Ainsworth continued on in the early years of the century. The Highland Boy and the No. 1 mine provided employment. Adjoining mines at Kaslo, Coffee Creek and the Molly Gibson made Ainsworth a supply point. Mining continued at Ainsworth nearly continuously until 1953. Ainsworth was never exceed the fame of the nearby Slocan district, particularly, Sandon.[clarification needed]

The Olson Hotel was torn down in 1960, but his family name is honoured by Mount Olson in the Kokanee Glacier Provincial Park.[5] Another pioneer hotel, McKinnon House, survived and is now Silver Ledge.

Modern day[edit]

Ainsworth is now a popular tourist destination and home to the Ainsworth Hot Springs which originate in the Cody Caves area and are considered to be the best commercial hot springs in British Columbia. The temperatures vary from 40–42 °C (104–108 °F) in the cave to 35–38 °C (95–100 °F) in the pool.[3]

Tall Cedar trees with hanging 'Angel Hair' in the historic Ainsworth Cemetery.

Attractions[edit]

  • Cody Caves Provincial Park on the eastern slopes of the Selkirk Mountains are a system of ancient limestone caves with an underground stream.
  • Kokanee Glacier Provincial Park offers fishing, canoeing and kayaking on more than 30 glacier lakes and 32,035 hectares (79,160 acres) of wilderness with hiking and ski trails.[3]
  • 12 miles to the north is the village of Kaslo, home to two National historic sites including the SS Moyie, the world's oldest intact sternwheeler.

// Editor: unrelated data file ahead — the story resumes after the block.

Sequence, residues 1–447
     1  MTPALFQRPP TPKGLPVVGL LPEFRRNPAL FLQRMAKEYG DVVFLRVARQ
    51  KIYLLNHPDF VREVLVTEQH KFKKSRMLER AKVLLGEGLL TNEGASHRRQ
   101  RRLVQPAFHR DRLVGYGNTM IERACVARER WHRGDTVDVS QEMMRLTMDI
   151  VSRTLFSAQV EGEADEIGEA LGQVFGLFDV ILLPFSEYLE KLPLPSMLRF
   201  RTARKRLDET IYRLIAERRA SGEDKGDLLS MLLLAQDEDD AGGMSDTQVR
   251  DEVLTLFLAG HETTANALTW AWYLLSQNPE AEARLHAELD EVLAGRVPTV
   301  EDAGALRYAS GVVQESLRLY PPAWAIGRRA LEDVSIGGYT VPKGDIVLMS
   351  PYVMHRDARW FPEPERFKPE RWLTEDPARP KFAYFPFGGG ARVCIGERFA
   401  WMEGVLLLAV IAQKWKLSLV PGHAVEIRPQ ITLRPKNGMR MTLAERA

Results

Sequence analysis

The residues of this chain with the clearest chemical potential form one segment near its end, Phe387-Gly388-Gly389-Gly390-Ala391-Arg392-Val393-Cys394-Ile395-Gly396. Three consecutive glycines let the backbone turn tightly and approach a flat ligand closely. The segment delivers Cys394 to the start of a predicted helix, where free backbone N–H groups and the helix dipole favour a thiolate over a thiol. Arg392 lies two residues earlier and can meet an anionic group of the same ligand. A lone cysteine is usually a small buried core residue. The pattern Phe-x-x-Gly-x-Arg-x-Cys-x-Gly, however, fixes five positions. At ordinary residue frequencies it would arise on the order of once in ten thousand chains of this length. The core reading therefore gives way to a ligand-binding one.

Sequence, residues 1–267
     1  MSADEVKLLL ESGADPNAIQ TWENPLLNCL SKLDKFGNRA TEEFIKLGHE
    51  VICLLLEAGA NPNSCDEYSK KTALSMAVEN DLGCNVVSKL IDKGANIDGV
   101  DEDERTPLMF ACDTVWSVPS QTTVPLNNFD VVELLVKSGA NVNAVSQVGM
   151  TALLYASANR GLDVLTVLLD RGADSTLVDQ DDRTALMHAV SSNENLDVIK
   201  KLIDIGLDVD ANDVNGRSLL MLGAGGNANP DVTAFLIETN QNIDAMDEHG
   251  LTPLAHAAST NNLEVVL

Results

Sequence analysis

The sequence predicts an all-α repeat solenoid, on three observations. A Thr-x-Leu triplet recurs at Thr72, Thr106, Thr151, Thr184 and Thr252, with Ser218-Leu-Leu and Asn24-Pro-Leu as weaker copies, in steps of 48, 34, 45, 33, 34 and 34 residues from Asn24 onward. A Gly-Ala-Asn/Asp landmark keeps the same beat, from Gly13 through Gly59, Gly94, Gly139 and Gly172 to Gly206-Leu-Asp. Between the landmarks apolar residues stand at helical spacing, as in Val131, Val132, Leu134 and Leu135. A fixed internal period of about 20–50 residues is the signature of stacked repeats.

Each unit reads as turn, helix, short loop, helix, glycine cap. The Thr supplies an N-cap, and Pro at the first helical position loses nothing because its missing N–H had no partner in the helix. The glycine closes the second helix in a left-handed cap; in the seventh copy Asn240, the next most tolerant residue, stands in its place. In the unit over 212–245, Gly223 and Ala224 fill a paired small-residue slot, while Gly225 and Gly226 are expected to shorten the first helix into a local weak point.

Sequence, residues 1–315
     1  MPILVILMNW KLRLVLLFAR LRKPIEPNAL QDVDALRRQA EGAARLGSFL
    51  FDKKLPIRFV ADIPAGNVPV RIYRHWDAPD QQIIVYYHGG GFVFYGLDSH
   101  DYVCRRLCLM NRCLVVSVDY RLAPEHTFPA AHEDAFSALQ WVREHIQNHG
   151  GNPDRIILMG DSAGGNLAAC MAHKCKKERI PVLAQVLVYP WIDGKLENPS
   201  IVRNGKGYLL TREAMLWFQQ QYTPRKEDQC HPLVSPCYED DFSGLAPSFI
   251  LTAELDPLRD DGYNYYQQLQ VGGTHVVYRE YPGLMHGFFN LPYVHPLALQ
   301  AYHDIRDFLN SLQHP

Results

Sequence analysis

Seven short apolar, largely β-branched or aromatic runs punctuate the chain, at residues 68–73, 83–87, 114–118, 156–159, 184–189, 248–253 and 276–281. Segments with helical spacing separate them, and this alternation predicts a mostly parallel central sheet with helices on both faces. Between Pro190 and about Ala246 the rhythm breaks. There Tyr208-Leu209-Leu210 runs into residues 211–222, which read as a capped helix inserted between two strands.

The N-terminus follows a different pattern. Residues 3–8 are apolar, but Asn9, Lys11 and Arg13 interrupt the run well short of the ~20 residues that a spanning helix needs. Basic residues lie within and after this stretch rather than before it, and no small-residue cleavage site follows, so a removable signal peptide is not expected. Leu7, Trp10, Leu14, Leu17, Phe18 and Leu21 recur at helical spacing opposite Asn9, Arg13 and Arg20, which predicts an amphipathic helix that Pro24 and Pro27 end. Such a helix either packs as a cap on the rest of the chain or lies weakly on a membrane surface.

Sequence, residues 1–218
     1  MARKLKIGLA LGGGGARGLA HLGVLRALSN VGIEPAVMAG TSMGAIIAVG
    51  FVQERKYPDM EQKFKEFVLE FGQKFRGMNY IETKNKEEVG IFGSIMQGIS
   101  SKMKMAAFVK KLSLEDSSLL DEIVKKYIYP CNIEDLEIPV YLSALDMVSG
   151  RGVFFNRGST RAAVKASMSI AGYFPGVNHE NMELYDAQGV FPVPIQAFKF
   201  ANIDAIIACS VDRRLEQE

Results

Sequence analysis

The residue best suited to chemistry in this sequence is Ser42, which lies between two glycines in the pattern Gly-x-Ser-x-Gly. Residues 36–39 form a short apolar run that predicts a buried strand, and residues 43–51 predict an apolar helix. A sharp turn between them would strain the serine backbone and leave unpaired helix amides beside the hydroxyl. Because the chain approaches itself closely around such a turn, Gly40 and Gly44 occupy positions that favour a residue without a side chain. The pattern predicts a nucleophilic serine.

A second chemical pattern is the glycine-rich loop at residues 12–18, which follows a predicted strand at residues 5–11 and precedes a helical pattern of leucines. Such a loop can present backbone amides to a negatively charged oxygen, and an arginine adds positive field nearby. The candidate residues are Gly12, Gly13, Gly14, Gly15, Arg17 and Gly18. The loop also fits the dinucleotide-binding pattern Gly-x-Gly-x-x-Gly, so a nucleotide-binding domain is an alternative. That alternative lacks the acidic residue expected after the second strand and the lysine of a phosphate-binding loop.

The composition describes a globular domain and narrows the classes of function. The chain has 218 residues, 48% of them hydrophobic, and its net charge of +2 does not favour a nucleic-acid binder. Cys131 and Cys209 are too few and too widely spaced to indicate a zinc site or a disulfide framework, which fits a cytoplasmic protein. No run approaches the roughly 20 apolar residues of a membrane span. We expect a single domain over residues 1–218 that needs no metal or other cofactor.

• Northwest of Ainsworth is the historic ghost town of Sandon, the "Capital of the Silvery Slocan", once known as the "Monte Carlo of Canada".
  • 11 miles south is Balfour, where visitors can enjoy the longest free ferry ride in the world, at the Kootenay Lake Ferry Crossing.

Television[edit]

Ainsworth has been featured on the historical television series Gold Trails and Ghost Towns, Season 2, episode 10.

Further reading[edit]

  • Downs, Art (1979). Pioneer Days in British Columbia Volume 4. Heritage House and main author Edna Hanic. ISBN 0-9690546-8-8. 

Notes[edit]

  1. ^ a b Go BC. "Ainsworth Hot Springs". Retrieved 2007-07-18. 
  2. ^ a b c d e f Downs, Art (1979). Pioneer Days in British Columbia Volume 4. Heritage House and main author Edna Hanic. pp. "various". ISBN 0-9690546-8-8. 
  3. ^ a b c d British Columbia.com. "Ainsworth Hot Springs". Archived from the original on 29 August 2007. Retrieved 2007-07-18. 
  4. ^ "The Oldest Town on the Lake". Hot Springs News. September 12, 1891. 
  5. ^ "Olson, Mount". BC Geographical Names. http://apps.gov.bc.ca/pub/bcgnws/names/18682.html.

External links[edit]